Corpus Christi is full of restaurants that cater to all tastes, but what if we told you there are some places that are great for the dead too?
Even if you’ve visited these restaurants a dozen times, you may never have heard of the ghost stories that go on before and after hours.
Ghostly apparitions, unexplained steps and mischievous ghosts who like to mess with guests make these restaurants to places that not only satisfy your stomach, but also your hunger for the “unknown”.
Blackbeard is on the beach
3117 Surfside Blvd., North Beach Corpus Christi
Over the years, Blackbeard’s on the Beach has become a top seafood tourist destination. But for paranormal enthusiasts, it deserves another title: one of the most haunted places in Corpus Christi.
Since it opened in 1991, a mischievous ghost is said to have mocked and persecuted Blackbeard’s staff and owners at times, according to the restaurant’s website.
The mysterious poltergeist is supposed to open doors spontaneously, play with salt shakers, move chairs and start and stop video tapes. It even followed the owners home from time to time.
In September 2008, the day after Hurricane Ike landed on the Gulf Coast, the restaurant’s manager spotted loud music in the restaurant and an empty shot glass at the bar. Nobody had visited the restaurant the night before, the website says.
Would you like to dine here? Blackbeard’s on the Beach is open Monday through Thursday from 11 a.m. to 9 p.m., Friday and Saturday from 11 a.m. to 10 p.m., and Sunday from 11 a.m. to 9 p.m. For more information, visit Blackbeard’s on the Beach on Facebook or call 361-884-1030.
2822 N Shoreline Blvd., Corpus Christi in North Beach
This North Beach restaurant is the perfect seafood stop between visits to the USS Lexington and the Texas State Aquarium.
But it’s also a great place to soak up the haunted history.
While some visitors have reported ghostly encounters at Pier 99 over the years, it’s not clear if this restaurant is truly haunted.
Max Lennox, the restaurant’s general manager, said while personally having heard no stories of ghosts haunt the decade-old Pier restaurant, the land it sits on has an eerie past.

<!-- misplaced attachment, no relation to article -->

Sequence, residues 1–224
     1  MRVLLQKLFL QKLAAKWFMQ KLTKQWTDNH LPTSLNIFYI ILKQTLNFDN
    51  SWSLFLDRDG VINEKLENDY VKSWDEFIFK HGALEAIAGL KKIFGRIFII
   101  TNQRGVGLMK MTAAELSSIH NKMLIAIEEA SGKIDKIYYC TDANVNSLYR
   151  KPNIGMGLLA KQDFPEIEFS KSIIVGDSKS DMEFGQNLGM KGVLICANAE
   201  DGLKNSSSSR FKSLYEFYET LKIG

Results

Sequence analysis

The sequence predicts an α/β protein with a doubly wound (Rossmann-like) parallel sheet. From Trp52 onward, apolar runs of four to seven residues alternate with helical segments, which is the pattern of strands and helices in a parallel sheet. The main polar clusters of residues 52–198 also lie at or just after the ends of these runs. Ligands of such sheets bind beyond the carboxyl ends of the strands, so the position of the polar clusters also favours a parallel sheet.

North Beach was a busy tourist area more than a hundred years ago, but was nearly wiped out by the 1919 hurricane.
According to the Caller-Times archives, North Beach, which was just 5 feet above sea level, was completely submerged during the storm surge when the storm landed.
Judge Henry McDonald’s home on North Beach and the Spohn Sanitarium on North Beach (where the Texas State Aquarium is now) were two of only three buildings that survived the 1919 hurricane in Corpus Christi.
Would you like to dine here? Pier 99 is open Saturday through Tuesday and Thursday from 11 a.m. to 10 p.m. and Wednesdays from 11 a.m. to 9 p.m. For more information, visit Pier 99 on Facebook, the website, or call 361-887-0764.
The Mess Deck Cafe
2914 N. Shoreline Blvd.
This restaurant on the USS Lexington is not only the perfect place to grab a snack at the museum, but it’s also a great spot for ghostly sailors.
Bill Miller, a volunteer paranormal tour guide at Lexington, said he had heard reports from damage control members who heard noises like screams and after hours saw shadow figures running across the hangar near the cafeteria.
Miller said he believes officers who witness at night are sailors taking cover after a torpedo attack hit the ship at Hangar Bay Three and Fan Tail in 1943.
“They do the same thing over and over … they wait the ship,” he said of the ghosts he suspects roam the ship. “This was their home and they don’t want to go anywhere else.”
Would you like to dine here? The Mess Deck Cafe is open daily from 10 a.m. to 4 p.m. on the USS Lexington and is located at the far end of the hangar deck. More information is available at www.usslexington.com.
Roosevelt is at the Tarpon Inn
200 E Cotter Ave, Port Aransas
For decades, Roosevelt’s has charmed visitors with its unique history and dining experience, but for those who work in the restaurant, things are not always what they seem.
Aimee Vanwinkle, a staff member who has worked at the restaurant since 2008, said she and her colleagues had experienced unexplained phenomena before and after hours.